SALT LAKE CITY — A majority of Senate Republicans aren't behind a hate crimes bill to enhance the punishment for targeting victims because of race, religion, sexual orientation or other characteristics, Senate President Stuart Adams said.
Adams, R-Layton, said Friday he had hoped there would be more support for SB103, sponsored by Sen. Daniel Thatcher, R-West Valley City, because of changes he helped make at the beginning of the session to add new categories of victims.
Those including targeting someone because of where they attend college, Adams said, so a hate crime against a University of Utah student wouldn't be treated differently than the same offense against a Brigham Young University student.
"With those categories, I’m fine with the bill personally," Adams said. "However, I found out that me being fine with it doesn't mean the rest of the caucus is. So right now, I think, last we checked there doesn't appear to be enough votes."
Thatcher struggled to come up with a reason why Senate Republicans are split on his bill.
"You'd have to ask them individually, but most of them say, 'I just don't like it.' And how do you overcome that?" he asked. "If you can give me a specific concern you have, then I can point out how we circumvent that issue."
Already, Thatcher said he's been willing to add "absolutely every single thing that was brought to me as a concern. There's age. There's color. There's blindness. There's familial status. Marital status. Homelessness" and law enforcement.
"Really, whatever somebody wanted to get them to yes, we put it in there, as long as it is constitutional, enforceable and does not exclude anyone," he said of what will be a substitute version of his bill. "Let's get something passed."
Sen. Jerry Stevenson, R-Layton, said his concern about hate crimes legislation is having "a broad enough base that we're not creating select classes. … There's a lot of hate crimes. Let's make sure we have a bill that covers all of them."
Senate Majority Assistant Whip Ann Milner, R-Ogden, agreed.
"This is really hard," Milner said. "Sometimes it's really easy to just say, ‘Let's focus on a minority group and not say it's important that the same protection may lead to a majority group.'"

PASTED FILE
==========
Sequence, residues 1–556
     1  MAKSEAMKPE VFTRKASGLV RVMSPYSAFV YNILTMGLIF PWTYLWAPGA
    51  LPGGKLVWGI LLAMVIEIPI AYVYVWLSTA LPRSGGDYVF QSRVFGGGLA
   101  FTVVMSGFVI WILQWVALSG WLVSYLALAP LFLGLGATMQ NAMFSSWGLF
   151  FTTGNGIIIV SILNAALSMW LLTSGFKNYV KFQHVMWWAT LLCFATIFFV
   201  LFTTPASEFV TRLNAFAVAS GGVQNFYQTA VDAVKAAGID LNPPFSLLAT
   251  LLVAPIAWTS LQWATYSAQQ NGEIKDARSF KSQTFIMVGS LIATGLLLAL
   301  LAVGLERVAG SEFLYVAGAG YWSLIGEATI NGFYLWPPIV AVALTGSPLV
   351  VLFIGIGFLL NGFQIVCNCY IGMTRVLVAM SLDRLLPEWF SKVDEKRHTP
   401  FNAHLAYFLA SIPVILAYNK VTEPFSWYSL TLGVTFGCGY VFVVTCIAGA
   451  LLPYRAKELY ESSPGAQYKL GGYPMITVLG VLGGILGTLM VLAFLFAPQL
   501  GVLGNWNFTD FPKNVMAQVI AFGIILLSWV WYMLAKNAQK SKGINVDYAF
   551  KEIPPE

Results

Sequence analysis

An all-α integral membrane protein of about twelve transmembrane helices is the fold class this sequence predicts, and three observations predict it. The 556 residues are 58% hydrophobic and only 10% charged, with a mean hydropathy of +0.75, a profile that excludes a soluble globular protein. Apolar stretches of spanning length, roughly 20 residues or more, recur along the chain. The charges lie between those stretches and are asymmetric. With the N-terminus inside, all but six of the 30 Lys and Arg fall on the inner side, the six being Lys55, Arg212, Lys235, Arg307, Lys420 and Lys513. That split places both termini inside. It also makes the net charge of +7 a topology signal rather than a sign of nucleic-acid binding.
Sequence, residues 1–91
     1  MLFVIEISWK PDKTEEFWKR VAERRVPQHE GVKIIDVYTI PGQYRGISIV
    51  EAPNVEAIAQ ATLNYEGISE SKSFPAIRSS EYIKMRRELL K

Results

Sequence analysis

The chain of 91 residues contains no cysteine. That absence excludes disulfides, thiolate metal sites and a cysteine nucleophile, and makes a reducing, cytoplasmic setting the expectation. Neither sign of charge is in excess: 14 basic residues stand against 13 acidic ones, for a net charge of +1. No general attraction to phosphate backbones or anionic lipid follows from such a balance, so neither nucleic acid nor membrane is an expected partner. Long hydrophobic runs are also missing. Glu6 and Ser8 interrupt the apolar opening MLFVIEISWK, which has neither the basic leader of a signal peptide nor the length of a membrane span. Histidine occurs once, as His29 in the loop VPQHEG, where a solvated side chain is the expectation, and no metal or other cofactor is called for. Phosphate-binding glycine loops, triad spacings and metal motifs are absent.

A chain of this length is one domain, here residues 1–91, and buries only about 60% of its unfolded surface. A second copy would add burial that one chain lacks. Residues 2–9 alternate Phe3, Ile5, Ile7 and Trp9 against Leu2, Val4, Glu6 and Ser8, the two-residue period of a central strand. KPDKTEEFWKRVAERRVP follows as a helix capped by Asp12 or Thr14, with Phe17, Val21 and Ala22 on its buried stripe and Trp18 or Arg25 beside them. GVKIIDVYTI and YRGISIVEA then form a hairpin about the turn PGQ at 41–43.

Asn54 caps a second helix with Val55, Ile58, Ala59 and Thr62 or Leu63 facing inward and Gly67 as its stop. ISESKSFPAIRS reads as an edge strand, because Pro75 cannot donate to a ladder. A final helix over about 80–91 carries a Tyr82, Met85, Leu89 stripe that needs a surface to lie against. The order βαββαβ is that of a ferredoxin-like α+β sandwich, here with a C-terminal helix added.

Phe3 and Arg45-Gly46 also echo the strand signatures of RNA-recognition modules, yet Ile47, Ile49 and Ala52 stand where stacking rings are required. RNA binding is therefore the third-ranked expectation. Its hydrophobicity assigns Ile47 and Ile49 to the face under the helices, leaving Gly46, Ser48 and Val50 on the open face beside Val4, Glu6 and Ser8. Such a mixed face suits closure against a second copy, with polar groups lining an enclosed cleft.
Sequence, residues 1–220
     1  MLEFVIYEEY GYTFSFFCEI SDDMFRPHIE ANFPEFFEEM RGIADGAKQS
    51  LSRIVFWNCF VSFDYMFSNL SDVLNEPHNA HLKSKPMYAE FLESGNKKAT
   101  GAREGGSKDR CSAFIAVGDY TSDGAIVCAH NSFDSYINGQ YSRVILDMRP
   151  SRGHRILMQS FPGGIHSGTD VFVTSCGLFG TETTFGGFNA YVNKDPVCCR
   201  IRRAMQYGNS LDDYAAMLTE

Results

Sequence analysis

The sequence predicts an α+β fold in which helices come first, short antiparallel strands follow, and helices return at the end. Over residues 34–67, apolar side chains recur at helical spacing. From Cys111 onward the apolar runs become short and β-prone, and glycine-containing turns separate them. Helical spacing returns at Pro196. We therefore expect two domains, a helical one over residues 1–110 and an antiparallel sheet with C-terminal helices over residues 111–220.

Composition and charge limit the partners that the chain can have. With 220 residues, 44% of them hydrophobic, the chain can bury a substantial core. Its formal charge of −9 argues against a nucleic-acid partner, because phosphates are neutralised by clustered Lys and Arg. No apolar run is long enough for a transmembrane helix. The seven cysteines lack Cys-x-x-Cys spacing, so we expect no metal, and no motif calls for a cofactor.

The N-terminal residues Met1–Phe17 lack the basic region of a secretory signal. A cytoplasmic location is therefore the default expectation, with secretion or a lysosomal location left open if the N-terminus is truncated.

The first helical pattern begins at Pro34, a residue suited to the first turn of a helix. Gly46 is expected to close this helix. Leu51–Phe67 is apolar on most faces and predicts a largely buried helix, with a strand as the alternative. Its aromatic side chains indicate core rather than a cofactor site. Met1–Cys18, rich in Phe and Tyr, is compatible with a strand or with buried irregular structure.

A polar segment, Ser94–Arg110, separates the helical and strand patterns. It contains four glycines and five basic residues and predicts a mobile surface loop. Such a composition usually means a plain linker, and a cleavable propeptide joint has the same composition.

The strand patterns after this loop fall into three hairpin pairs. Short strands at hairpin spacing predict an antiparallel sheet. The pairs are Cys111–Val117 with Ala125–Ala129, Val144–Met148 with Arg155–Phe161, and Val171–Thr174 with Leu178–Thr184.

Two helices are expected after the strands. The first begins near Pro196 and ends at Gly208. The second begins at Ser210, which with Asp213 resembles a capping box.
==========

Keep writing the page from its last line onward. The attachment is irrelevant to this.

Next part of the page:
Thatcher, who has tried to pass hate crimes legislation in past sessions, wasn't expecting it to be so difficult this year after The Church of Jesus Christ of Latter-day Saints indicated it would not stand in the way of hate crimes legislation.
"If the church really was the holdup the whole time, then why am I still having to work so dang hard to get votes?" Thatcher asked. "Some people just fundamentally have an issue with treating crimes differently."
Marty Stephens, the church's director of government and community relations, told the Deseret News just before the session started in late January that he wanted to make it clear that the church does not oppose hate crimes legislation.
"We think this is an issue that the Legislature should rightfully wrestle with and come up with good public policy so that people are protected, whatever the Legislature feels is the best way to do that," Stephens said then.
Thatcher said the 23-member GOP Senate caucus is divided nearly evenly, although several of his colleagues are "on the fence" and still may be persuaded to back the bill.
He said if can win over a majority of the caucus, he'll ask that the bill finally get a hearing after being assigned to a committee more than two weeks ago. If the bill is heard, Thatcher gives it a strong chance of passing the Legislature.
Rep. Lee Perry, R-Perry, said he'll sponsor the bill in the House if it can get through the Senate.
"Conceptwise, I think there's support for it," Perry said, especially given the church's statements. "I believe that helps. And we're seeing more and more of it. … We can't have the targeting. It's just not acceptable."
Republicans hold a supermajority in both the House and the Senate.
Senate Minority Caucus Manager Derek Kitchen, D-Salt Lake City, said all six Democrats in the Senate back Thatcher's bill.
"This is an important bill to our constituents, and to myself personally, and to a number of people in my community," said Kitchen, the only openly gay member of the Utah Legislature.
Earlier this week, a pride flag hanging outside the Salt Lake City restaurant owned by Kitchen and his husband, Moudi Sbeity, was vandalized.
"These things happen every day in our community," Kitchen said, and send a message.
"In high school, you might see something written on your locker. That might be the first step toward being beat up in the parking lot. We need to be mindful of these elevated offenses for people who are targeted for who they are," he said.
Utahns, Kitchen said, "by and large, support individualism and the belief that we can all live our own life as we desire to and we can present ourselves as we choose. As long as we're not hurting anyone else, then live and let live."